The Committee heard moving examples of the difficulty that patients had had in being diagnosed with a brain tumour, as well as clinical evidence on the challenges involved in identifying the condition early. It recommends that measures be immediately taken to increase awareness amongst health professionals of the symptoms of brain tumours. The report concludes: “Patients with brain tumours are failed at every stage — from diagnosis and treatment to research funding, placing the onus on the Government to take remedial action to correct decades of under-funding.”
Helen Jones MP, Chair of the Petitions Committee, said: “The Petitions Committee’s first report makes clear recommendations to the Government about the lack of funding for research into brain tumours. As part of this inquiry we heard testimonies both from victims of this terrible disease, and from clinical specialists working in the area. The evidence was clear — something must be done to improve outcomes for patients, and barriers to research must be removed. This report was initiated by the public; it is a vitally important issue and I hope the Government takes our recommendations seriously.”
Maria Lester, who started the petition with the support of the charity Brain Tumour Research, said: “Brain tumours are the biggest cancer killer of people under 40, and it is vital that funding for research is swiftly increased. I welcome this important report by the Petitions Committee, and would like to thank its members for the care and hard work that has gone into compiling it. The evidence makes for powerful reading, and I hope that it will pave the way for fast and meaningful action. I would urge the Government not to turn a blind eye, but to look at ways in which the UK could become a world leader in brain tumour research. It may be too late for my brother Stephen, but it is not too late to save others from this cruel disease.”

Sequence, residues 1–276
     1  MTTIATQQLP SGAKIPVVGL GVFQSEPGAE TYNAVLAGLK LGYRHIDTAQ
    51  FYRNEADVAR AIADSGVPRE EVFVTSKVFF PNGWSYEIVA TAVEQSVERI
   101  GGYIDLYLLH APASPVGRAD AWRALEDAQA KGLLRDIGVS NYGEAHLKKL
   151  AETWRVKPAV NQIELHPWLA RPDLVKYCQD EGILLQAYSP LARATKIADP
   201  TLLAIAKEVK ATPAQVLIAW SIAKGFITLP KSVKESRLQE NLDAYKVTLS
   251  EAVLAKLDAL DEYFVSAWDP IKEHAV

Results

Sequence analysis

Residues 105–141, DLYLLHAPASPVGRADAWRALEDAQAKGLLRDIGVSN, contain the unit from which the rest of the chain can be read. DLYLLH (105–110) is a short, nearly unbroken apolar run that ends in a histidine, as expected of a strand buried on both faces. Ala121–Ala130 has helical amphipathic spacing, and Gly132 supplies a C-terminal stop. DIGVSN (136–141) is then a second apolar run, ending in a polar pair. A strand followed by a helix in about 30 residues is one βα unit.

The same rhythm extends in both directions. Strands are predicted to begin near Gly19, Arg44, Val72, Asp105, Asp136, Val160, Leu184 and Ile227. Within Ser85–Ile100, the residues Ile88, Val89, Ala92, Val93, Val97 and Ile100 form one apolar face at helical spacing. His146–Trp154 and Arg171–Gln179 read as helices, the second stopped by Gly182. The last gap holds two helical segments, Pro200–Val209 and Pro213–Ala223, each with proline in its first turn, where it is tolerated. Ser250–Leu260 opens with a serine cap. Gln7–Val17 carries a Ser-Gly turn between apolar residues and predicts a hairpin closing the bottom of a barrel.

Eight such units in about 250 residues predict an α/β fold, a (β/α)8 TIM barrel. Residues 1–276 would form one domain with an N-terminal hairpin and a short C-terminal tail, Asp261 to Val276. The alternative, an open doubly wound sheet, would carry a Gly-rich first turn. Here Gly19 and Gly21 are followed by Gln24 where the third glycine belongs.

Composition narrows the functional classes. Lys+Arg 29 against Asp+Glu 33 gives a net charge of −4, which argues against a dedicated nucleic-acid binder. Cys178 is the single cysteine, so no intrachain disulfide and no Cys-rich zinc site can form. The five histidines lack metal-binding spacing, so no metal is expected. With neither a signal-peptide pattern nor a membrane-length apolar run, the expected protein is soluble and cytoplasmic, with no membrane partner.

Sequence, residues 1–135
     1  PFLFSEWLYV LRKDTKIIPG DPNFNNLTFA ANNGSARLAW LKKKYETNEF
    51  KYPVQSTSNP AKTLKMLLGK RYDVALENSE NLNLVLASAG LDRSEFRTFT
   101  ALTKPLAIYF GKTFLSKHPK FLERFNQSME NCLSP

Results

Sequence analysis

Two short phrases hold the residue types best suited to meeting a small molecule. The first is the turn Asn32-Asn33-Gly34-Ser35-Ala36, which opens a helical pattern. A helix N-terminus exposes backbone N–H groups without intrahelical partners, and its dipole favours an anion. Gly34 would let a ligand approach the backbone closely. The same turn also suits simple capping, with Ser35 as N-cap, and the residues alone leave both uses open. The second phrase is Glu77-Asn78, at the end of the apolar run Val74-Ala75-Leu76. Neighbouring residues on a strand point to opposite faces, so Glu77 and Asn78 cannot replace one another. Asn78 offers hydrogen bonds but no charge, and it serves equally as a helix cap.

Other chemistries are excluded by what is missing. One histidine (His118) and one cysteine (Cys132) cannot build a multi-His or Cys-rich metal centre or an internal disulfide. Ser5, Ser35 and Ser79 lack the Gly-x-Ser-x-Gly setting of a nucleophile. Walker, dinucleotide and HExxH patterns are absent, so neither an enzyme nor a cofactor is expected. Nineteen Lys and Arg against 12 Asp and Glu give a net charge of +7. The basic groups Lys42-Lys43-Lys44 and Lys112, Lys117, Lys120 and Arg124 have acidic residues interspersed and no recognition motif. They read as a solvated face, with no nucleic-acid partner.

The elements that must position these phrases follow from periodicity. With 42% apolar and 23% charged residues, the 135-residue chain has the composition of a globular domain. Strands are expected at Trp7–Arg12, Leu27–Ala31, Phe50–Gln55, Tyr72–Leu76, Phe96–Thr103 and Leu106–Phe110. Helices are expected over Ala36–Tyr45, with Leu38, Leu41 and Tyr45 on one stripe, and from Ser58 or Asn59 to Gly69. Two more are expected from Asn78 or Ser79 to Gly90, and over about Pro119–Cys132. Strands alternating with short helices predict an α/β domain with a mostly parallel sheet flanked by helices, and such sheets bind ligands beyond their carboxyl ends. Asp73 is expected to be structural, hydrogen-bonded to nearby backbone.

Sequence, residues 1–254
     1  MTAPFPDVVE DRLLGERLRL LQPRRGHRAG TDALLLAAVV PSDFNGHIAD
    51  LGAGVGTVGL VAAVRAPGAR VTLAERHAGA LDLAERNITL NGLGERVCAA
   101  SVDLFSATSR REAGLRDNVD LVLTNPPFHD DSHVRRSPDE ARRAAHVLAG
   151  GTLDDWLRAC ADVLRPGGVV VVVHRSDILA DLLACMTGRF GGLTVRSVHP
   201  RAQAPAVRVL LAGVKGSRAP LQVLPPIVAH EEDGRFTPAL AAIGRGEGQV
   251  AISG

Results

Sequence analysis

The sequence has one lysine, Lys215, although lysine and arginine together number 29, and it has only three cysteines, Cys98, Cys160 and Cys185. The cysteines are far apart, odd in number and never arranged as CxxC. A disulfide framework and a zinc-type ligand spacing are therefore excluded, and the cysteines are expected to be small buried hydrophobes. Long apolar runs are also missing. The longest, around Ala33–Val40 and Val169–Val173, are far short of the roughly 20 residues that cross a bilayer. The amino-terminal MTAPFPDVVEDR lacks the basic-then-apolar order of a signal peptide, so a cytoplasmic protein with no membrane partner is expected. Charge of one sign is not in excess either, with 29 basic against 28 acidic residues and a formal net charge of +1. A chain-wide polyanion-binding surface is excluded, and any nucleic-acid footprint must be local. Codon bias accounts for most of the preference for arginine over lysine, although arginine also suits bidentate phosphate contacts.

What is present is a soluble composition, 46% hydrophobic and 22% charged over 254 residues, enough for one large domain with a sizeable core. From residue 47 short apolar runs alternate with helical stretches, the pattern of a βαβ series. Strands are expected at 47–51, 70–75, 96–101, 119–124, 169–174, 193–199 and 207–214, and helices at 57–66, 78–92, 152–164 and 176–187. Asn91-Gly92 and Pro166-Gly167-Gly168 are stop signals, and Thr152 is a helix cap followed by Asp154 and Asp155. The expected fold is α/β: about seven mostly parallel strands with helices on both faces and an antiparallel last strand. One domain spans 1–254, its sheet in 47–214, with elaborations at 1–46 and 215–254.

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Notes to editors: The University of Nottingham has 43,000 students and is ‘the nearest Britain has to a truly global university, with a “distinct” approach to internationalisation, which rests on those full-scale campuses in China and Malaysia, as well as a large presence in its home city.’ (Times Good University Guide 2016). It is also one of the most popular universities in the UK among graduate employers and the winner of ‘Outstanding Support for Early Career Researchers’ at the Times Higher Education Awards 2015. It is ranked in the world’s top 75 by the QS World University Rankings 2015/16, and 8th in the UK by research power according to the Research Excellence Framework 2014. It has been voted the world’s greenest campus for three years running, according to Greenmetrics Ranking of World Universities.